Written by Ernesto Mendieta and Nicole Su

Twenty days after the Supreme Court granted petition for writ of certiorari in Facebook v. Duguid to review the question of what constitutes an ATDS under the TCPA, the Sixth Circuit issued its own opinion addressing this very question. In Allan v. Penn. Higher Educ. Assistance Agency, Case No. 19-2043 (6th Circ. July 29, 2020), the Sixth Circuit held that “the plain text of [47 U.S.C.] §227, read in its entirety, makes it clear that devices that dial from a stored list of numbers” qualify as an ATDS. In so holding, the Sixth Circuit aligned itself with the Second and Ninth Circuits’ broad interpretation of what constitutes an ATDS, making three circuit courts to now adopt this broad interpretation under which devices that automatically dial from lists of numbers meet the statutory definition.

Like the Ninth Circuit’s Marks decision, the Allan court first found that the D.C. Circuit in ACA Int’l v. FCC, 855 F.3d 687 (D.C. Circ. 2018) set aside the FCC’s treatment of the definition of an ATDS as a whole.

Thus, the Court then turned to the statutory definition of an ATDS. The Court favored the reading of the statute so that the phrase “using a random or sequential number generator” only modified the word “produce”:

An ATDS is “equipment which has the capacity—

(A) to store [telephone numbers to be called];

or produce telephone numbers to be called, using a random or sequential number generator; and

(B) to dial such numbers.”
227(a)(1)

Like the Second Circuit, the Allan court found that the clause requiring use of “a random or sequential number generator” modifies only the verb “produce,” not the word “store.” The court concluded this reading of the statute was the most logical because otherwise the word “store” would be superfluous. And like the Ninth Circuit, the Allan court also looked to the statutory history and the other provisions of the autodialer ban to guide it in its interpretation of the statute.

The court noted that the TCPA’s autodialer ban contains an exception for calls “made with prior consent of the called party” that when analyzed in context, clarifies any ambiguity. 47 U.S.C. §227(b)(1)(A). The Court said that in order to give their express consent prior to receiving a call, the called party must give their number to the entity making the call. Thus, the entity making the calls would be dialing from a stored list of numbers – not randomly or sequentially generating numbers to dial. Therefore, because the TCPA provides for an exception for calls made to known, consenting recipients, then the autodialer ban only makes sense if it applies to a system that stored numbers to dial.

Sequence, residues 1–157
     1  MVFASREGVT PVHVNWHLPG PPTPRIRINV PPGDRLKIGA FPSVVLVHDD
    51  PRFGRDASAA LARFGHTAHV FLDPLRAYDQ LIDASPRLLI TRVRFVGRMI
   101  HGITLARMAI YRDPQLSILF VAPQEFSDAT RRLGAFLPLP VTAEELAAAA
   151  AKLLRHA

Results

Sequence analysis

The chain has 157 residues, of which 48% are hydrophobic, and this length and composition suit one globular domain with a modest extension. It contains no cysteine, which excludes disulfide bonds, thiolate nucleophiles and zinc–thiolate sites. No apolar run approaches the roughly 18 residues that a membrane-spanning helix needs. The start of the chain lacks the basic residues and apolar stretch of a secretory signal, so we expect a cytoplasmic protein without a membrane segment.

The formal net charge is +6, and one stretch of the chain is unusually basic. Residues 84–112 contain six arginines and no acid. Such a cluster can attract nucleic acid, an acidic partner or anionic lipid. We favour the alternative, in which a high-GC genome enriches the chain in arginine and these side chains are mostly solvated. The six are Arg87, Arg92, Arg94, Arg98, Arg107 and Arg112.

Moreover, the court noted that in 2015, Congress amended the autodialer ban to permit calls made to collect on a debt owed or guaranteed by the U.S. government. While this exception was struck down by the Supreme Court in Barr v. AAPC, -- S. Ct. --, 2020 WL 3633780 (July 6, 2020) the Allan court argued that “the now-defunct government-debt-collection exception implies that the autodialer ban covered stored-number systems.”

To support its conclusion, the Court resorted to other interpretative tools, including the administrative and legislative history of the statute, and practical effects of its interpretation. The Court first said that Congress enacted the TCPA to combat pervasive telemarketing, and to crack down on automated calls themselves, not just the technology making them possible at the time. Further, the Allan court suggested that the common concern that its broad interpretation of an ATDS would extend to everyday use of smartphones is “unfounded.” It reasoned that the D.C. Circuit in ACA Int’l v. FCC rejected the FCC’s interpretation of capacity to include “potential functionalities” so “that means the use of a cell phone would be subject to a fine under the TCPA only if it actually is used as an ATDS.”

Thus, the Sixth Circuit and its lower courts are now bound by this definition of an ATDS:

We accordingly read § 227(a)(1) as follows:

An ATDS is “equipment which has the capacity—
(A) to store [telephone numbers to be called];
or produce telephone numbers to be called, using a random or sequential number generator; and
(B) to dial such numbers.”

Although the Circuit Split regarding what constitutes an ATDS will be reviewed next summer by the Supreme Court, Courts will continue to hear TCPA cases where this issue comes up. These interim rulings have the potential for swaying the Supreme Court when it considers the interpretation of the statutory ATDS definition in Facebook, making stays of cases in District Courts involving the same issue pending the outcome of Facebook all the more important.


 

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About The Author

Meet the TCPA Defense Force. A team of experience professionals that focus like a laser on the TCPA and provide comprehensive services that solve a number of TCPA problems. The TCPA Defense Force aims to mitigate TCPA exposure for both creative marketing teams and conscientious companies that engage their customers through telemarketing.